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Welcome To The Insighter!

Explore the latest happenings at Kirtland CU and learn about important topics from around the financial world. Here’s your insight! To learn about retirements, investments and financial planning, check out Invested now.

There’s Money In These Walls: Secrets of Home Equity

By Ashleigh, K-Staff


There’s one area of the economy that hasn’t slowed down in the wake of the COVID-19 pandemic—housing prices have soared.

In December 2020, the average sale price of a single-family detached unit in Albuquerque was up 18.4% year-over-year (Greater Albuquerque Association of Realtors, Dec. 2020 report). Additionally, the percent of list price received increased as well to 99.5%. That means that most of these homes are selling at or above asking price, a good indicator of strong property values.

According to the Greater Albuquerque Association of Realtors, low mortgage rates and strong buyer demand have carried this environment into 2021.

Even if you already own a home and aren’t looking to join this crowded market, this environment of increasing property values could mean that now is a great time to take advantage of your home equity.

What is home equity?

Home equity is the value in your home that belongs solely to you. When you take out a mortgage to pay for a home, your lender is a lienholder, meaning they have an interest in your home until the loan is paid back even though you are considered the homeowner. In simple terms, home equity is your home’s current value minus any mortgages or other liens—it belongs to you! Home equity can be a valuable asset if you understand how it works and how—and when—to use it wisely.

Since home equity starts with a valuation of your property, an increase in property value will increase the amount of equity in it. If your home is worth $250,000 and you currently have a mortgage with a balance of $200,000, you have $50,000 in equity. Now, assume in a few years, the home’s value increases to $400,000 riding on a rising housing market. By this time, you’ve paid your mortgage down and now owe $180,000.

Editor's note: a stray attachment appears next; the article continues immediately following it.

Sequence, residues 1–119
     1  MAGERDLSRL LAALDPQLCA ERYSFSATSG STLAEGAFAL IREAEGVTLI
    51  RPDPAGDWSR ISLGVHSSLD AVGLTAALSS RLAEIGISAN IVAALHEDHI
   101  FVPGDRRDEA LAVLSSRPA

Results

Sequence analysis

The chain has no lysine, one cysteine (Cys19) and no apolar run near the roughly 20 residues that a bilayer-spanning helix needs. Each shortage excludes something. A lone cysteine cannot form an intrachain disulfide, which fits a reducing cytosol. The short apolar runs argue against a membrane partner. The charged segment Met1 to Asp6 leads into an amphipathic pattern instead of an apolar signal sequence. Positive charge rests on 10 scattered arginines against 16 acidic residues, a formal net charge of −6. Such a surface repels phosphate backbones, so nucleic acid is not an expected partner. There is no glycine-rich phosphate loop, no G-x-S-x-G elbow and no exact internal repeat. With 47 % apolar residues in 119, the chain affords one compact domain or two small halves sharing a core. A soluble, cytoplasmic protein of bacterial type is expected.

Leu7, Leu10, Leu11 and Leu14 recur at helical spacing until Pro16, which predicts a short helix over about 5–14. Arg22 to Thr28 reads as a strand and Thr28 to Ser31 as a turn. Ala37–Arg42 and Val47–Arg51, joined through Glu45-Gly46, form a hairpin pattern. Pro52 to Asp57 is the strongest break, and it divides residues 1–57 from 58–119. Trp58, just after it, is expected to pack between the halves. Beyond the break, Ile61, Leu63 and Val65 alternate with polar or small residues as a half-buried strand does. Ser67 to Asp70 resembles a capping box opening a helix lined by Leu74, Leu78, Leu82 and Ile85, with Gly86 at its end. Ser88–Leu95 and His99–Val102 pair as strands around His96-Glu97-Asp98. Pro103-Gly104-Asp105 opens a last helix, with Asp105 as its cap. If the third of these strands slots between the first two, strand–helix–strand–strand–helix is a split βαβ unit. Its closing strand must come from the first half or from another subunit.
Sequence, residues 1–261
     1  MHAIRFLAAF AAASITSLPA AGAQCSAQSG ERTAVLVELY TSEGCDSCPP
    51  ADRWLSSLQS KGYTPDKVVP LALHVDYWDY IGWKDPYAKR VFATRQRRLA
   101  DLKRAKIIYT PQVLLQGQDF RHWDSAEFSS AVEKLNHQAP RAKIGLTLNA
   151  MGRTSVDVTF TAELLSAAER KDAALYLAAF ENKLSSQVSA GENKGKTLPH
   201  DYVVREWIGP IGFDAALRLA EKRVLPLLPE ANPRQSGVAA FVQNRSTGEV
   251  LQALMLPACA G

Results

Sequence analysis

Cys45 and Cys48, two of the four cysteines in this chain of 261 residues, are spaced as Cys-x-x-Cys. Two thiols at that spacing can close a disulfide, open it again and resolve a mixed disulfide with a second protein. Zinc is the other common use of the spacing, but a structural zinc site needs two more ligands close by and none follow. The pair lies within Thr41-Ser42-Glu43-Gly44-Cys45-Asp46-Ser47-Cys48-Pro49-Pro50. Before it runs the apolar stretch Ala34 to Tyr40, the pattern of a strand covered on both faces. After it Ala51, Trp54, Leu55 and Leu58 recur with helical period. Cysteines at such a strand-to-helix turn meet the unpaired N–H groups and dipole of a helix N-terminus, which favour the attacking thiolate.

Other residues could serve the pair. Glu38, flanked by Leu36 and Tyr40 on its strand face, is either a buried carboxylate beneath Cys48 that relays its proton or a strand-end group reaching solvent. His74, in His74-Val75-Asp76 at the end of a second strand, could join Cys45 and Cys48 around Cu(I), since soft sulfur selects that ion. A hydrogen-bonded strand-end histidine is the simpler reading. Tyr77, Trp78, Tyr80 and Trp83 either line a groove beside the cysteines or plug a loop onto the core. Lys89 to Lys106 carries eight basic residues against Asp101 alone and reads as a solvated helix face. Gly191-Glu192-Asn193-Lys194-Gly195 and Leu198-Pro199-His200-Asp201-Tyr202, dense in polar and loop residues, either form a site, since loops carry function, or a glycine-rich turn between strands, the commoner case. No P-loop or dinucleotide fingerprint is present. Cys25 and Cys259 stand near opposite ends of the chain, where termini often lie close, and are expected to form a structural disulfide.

Your equity is now $400,000-$180,000, or $220,000! Equity is often expressed as a percentage. Your equity in your home is now at 55%.

There are a few ways to convert the equity in your home into cash you can use for upgrades, remodels, and more—home equity loans and home equity lines-of-credit (HELOCs). Here are the main differences and features to consider if you’re looking to take advantage of the equity in your home.

According to Balance Pro Financial:

Home equity loans and lines-of-credit typically offer higher interest rates than primary mortgages because the lender assumes greater risk – in the event of foreclosure, the primary mortgage will be repaid before any seconds.

However, because the loan is still collateralized, interest rates for second mortgages are usually much lower than typical unsecured debt, like charge cards, credit cards, and consolidation loans.

Home Equity Loans

A home equity loan is a fixed-rate option for converting your equity to cash. By using the equity as collateral, a lender will issue a lump-sum loan. You then have a fixed interest rate and period of repayment. Payments don’t fluctuate month to month.

Home Equity Lines-Of-Credit

A home equity line-of-credit (HELOC) also uses the equity in your home as collateral. The difference is you do not have to borrow—or draw—against that equity all at once. Instead, you can use the line-of-credit as it’s needed in the same way you would use a credit card during the draw period (the amount of time the line-of-credit is open. This period is 15 years with Kirtland FCU). This is called revolving credit. Interest rates on lines-of-credit are variable, meaning they may fluctuate based on the market and Prime Rate.

Ready to learn more about home equity? Visit Learn more about this second mortgage option, see current Kirtland FCU rates, and apply instantly!

Membership eligibility required. See a representative for complete details. Kirtland Federal Credit Union is an equal housing lender. Financing available for properties in New Mexico only. Loan subject to credit approval and based on equity in home. Closing costs may vary based on transaction. Home equity loans and lines of credit are limited to 90% loan-to-value and $200,000; actual savings based on transaction amount. Borrower is responsible for homeowners insurance premiums and, if required, flood insurance premiums. Special restrictions may apply; contact a representative for complete details. Consult a tax advisor regarding deductibility of interest. As with all lending services, full disclosures, terms, and conditions will be supplied with your mortgage or home equity disclosures.

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